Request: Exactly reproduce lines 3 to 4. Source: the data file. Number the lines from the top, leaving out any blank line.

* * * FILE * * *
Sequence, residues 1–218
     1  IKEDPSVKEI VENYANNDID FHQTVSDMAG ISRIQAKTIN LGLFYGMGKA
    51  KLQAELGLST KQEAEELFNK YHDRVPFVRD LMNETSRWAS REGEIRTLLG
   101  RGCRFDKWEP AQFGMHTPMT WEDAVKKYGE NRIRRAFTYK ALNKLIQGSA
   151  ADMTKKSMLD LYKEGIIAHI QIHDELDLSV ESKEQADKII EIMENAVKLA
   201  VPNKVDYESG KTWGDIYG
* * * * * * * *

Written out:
    51  KLQAELGLST KQEAEELFNK YHDRVPFVRD LMNETSRWAS REGEIRTLLG
   101  RGCRFDKWEP AQFGMHTPMT WEDAVKKYGE NRIRRAFTYK ALNKLIQGSA